Saturday, May 15, 2004

Jordan and Syria

My plans to put up travel-related stuff every Friday didn't work, as I never truly got the picture thing sorted out. When I get back from Morocco, I plan to look into that further. In the meantime, here's my last e-mail from my 2001 summer in Jordan with excursions into Syria, focusing mainly on Damascus. I was pretty strongly waxing philosophical by this point...

"Scurrying across the surface of the world, populating the cheapest of hotels, lurking at all the museums and monuments, travelling lightly, often alone or in twos which mix and match as paths cross and bond for a time, one finds that unique group of people known as the backpackers, mostly college students from various Western countries and Japan who decide to simply stuff some clothes into a backpack and wander around the world seeing sights while they're still young and free, pinching pennies beyond belief for weeks and months on end as they give themselves memories to last a lifetime. Because we, too, are cheap college students, we see them often sitting around lounges - sometimes they seem practically to just move into a cheap hotel for like a week or so and hang out. Despite this, we actually don't talk to them that much simply because our perspectives on the world tend to diverge. For when I say "on the surface," that is very much the impression I get, glancing at things superficially, seeing with rose-colored glasses and youthful idealism the different societies they skim across as they pass with their 'Lonely Planet' guidebooks from monument to monument in their travels.

"Whether or not our group has really penetrated beyond the surface is, of course, a matter open to debate, for although we have different degrees of fluency in Arabic we remain outsiders most places we go, and while we see far more of the daily life than, say, the German kid on the roof of the hotel we stayed in the first time we were in Damascus, there remain countless niches to Middle Eastern society of which our exclusively urban, largely campus-centered experience can illuminate only a few. And even then, our ideas and expectations for life just differ, mainly in degree, for those with whom we interact, and as the awareness grows that we near the end of our journey, little things like the lack of anything resembling an orderly line anywhere combine with cabin fever to increasingly bug us while we seek out the familiar to which we will soon be returning.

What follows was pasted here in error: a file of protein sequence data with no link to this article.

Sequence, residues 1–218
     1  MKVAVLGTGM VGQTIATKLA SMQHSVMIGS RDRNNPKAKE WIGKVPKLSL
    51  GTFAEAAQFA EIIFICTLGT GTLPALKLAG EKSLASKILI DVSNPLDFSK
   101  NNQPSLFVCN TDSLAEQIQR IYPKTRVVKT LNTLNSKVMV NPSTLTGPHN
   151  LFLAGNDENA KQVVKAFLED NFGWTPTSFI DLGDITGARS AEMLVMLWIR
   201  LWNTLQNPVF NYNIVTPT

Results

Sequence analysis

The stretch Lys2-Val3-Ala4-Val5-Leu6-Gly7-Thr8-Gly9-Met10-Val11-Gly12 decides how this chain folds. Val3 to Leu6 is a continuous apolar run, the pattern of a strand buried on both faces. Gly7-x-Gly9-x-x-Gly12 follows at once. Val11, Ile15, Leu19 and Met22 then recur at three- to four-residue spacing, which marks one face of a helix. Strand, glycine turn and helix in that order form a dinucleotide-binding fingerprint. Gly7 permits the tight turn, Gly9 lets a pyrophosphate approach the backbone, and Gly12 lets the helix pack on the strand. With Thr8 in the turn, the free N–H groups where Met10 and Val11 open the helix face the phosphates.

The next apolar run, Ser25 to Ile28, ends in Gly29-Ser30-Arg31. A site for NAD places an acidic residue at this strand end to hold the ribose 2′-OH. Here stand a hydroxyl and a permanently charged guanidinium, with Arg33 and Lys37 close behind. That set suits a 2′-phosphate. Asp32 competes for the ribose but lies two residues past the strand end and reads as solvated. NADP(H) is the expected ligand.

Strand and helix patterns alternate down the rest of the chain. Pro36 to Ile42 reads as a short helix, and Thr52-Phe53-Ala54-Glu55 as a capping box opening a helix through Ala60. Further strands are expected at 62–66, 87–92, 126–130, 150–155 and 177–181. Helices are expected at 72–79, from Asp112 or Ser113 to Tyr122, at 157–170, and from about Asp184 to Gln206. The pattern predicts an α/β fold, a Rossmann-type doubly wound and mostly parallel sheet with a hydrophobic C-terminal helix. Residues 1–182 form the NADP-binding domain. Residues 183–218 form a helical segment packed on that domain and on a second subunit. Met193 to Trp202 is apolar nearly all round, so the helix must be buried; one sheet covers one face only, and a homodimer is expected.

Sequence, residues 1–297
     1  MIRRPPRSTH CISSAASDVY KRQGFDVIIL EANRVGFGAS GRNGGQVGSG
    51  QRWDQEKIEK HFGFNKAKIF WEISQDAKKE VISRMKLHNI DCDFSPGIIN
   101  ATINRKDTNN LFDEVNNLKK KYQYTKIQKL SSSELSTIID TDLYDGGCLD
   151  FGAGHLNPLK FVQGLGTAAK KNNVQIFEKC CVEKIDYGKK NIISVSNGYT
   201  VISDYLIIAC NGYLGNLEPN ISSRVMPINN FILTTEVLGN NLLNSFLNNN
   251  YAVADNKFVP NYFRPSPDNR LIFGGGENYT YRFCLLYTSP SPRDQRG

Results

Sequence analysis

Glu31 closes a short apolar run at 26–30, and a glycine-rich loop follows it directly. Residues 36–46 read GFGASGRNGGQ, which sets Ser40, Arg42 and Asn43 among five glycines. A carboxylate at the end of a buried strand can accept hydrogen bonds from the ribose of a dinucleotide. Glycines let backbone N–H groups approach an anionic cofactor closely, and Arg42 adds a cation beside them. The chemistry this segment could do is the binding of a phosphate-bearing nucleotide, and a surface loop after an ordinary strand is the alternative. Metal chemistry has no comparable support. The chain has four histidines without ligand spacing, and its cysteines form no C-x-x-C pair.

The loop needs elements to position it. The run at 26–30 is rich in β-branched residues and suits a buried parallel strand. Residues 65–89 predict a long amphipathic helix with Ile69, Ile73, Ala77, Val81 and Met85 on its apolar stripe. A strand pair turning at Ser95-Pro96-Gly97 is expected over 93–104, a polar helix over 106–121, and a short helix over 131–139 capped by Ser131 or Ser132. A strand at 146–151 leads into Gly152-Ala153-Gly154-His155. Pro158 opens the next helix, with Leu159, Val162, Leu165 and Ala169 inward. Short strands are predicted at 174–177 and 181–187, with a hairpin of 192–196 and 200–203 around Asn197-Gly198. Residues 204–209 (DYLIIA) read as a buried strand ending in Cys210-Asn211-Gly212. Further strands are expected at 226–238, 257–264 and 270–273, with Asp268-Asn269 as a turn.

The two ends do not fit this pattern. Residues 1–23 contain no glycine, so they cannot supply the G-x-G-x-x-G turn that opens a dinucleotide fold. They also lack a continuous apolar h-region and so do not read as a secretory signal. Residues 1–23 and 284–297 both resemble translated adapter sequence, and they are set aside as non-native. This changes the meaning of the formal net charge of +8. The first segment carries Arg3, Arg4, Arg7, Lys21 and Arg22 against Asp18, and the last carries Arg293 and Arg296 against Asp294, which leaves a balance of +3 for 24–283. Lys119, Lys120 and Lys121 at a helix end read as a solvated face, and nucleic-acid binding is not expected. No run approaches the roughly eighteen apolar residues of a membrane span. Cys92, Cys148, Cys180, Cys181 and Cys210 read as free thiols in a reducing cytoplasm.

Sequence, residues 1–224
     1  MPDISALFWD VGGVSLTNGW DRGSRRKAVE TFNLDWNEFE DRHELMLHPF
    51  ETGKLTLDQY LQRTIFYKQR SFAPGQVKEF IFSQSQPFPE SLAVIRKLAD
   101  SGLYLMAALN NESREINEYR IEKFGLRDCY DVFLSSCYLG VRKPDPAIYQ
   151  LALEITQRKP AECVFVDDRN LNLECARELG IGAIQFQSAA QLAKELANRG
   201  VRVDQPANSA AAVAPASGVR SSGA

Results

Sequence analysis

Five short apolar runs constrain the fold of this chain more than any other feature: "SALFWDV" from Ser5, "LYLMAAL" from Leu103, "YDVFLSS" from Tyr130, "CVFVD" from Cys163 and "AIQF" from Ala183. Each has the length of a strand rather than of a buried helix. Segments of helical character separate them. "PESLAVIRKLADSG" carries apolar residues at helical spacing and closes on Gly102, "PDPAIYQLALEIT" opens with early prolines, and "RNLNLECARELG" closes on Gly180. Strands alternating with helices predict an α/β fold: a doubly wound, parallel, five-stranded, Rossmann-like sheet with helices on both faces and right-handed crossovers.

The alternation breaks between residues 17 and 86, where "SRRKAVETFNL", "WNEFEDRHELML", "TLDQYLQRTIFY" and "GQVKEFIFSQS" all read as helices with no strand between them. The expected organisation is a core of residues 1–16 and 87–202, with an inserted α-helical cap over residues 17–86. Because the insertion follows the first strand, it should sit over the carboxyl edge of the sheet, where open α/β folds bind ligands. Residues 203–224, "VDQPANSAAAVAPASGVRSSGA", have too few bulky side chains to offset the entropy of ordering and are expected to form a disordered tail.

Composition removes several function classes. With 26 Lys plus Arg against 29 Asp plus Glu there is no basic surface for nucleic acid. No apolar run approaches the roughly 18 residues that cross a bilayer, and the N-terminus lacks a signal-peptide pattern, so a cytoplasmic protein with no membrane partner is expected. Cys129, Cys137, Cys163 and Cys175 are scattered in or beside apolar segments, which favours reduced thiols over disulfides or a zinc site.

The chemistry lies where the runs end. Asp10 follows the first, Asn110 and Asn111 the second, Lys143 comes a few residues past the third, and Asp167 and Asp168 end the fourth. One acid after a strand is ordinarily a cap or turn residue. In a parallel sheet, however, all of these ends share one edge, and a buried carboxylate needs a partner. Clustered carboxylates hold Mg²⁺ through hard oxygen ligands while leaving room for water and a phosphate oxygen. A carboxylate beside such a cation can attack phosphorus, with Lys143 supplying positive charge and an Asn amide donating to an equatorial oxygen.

"But the program is not over yet, and just last weekend six of us made our last significant weekend jaunt across the border to Damascus, the ancient Syrian capital and one of the most culturally significant cities in all the world, so old that it was already old in the tales of Genesis, 1000 years or more before its incarnation with Arbila, Gadara, Gerasa, etc. as one of the Roman cities of the Decapolis, and yet again as Damascus, capital of the Umayyads, who ruled as caliphs from 650-750 a territory stretching from Central Asia to Spain, and which later became a capital of both Zengids and Ayyubids during the Crusades, a city which today stretches through quarter after quarter with insanely busy streets and traffic circles crossed by countless pedestrian skybridges similar to the ones over University Avenue in Madison only built with right angles instead of curves.

"Within this city, one finds running the streets that unfortunate type of urban child so memorably sketched by Victor Hugo in the person of Gavroche, the poor or orphaned rascal who begs or peddles for bits of food while somehow retaining the curious innocence of childhood. You find many of them in well-populated areas like bus stations and suqs, either drawn there by their own experience or sent by some cynical Fagan hiding the the shadows We encounted one such kid named Ahmad peddling gum outside a prayer rug shop in what proved one of the more intriguing meetings of the trip: He was perhaps ten years old, and had with him two other children of about half that age, all extending their boxes of gum and saying (in Arabic) '15 lire.' When I gave our standard reply of 'La' (No) followed by a persistance which drew an "emshii" (go away), Ahmad stopped and turned to the other two saying: 'Emshi - what is this?' There followed a silence before he proclaimed: 'ithhibu!' (go) and shoved both into the road. Then he said: 'This is formal Arabic. And in dialect?' The two kids mumbled something and he repeated his question, to which Ben, sitting on a stool outside the shop replied 'yalla.' Ahmad then verified this answer, and again shoved them into the street, indicating they should leave.

"At that point I was intrigued, and asked his name, which he told me; when I asked if he was the leader (qa'id) of this group, he stood up and said to me, Ben, and the two smaller kids 'Anna mudeer!' Then he turned to the other kids, asked them to listen, and said to me, 'Are you English?' 'American,' I replied at which he threw his arm out and ordered the other two back, saying Americans were often dangerous. He then turned to me and said, 'You aren't, though.' Then one of the kids asked me if I wanted gum again, and when I declined began leaning onto my lap waving it in my face. This provoked a storm of dialect of Ahmad which seemed to involve a prohibition as he was waving his arm between us and saying something involving a negation, before, after a final no sending them off into the street. After this he proclaimed that they were just kids and still learning, and he was a big boy and teaching them. During and ensuing conversation we found that Ahmad had a family somewhere in Damascus, and that he also knew some English from school. Later I talked to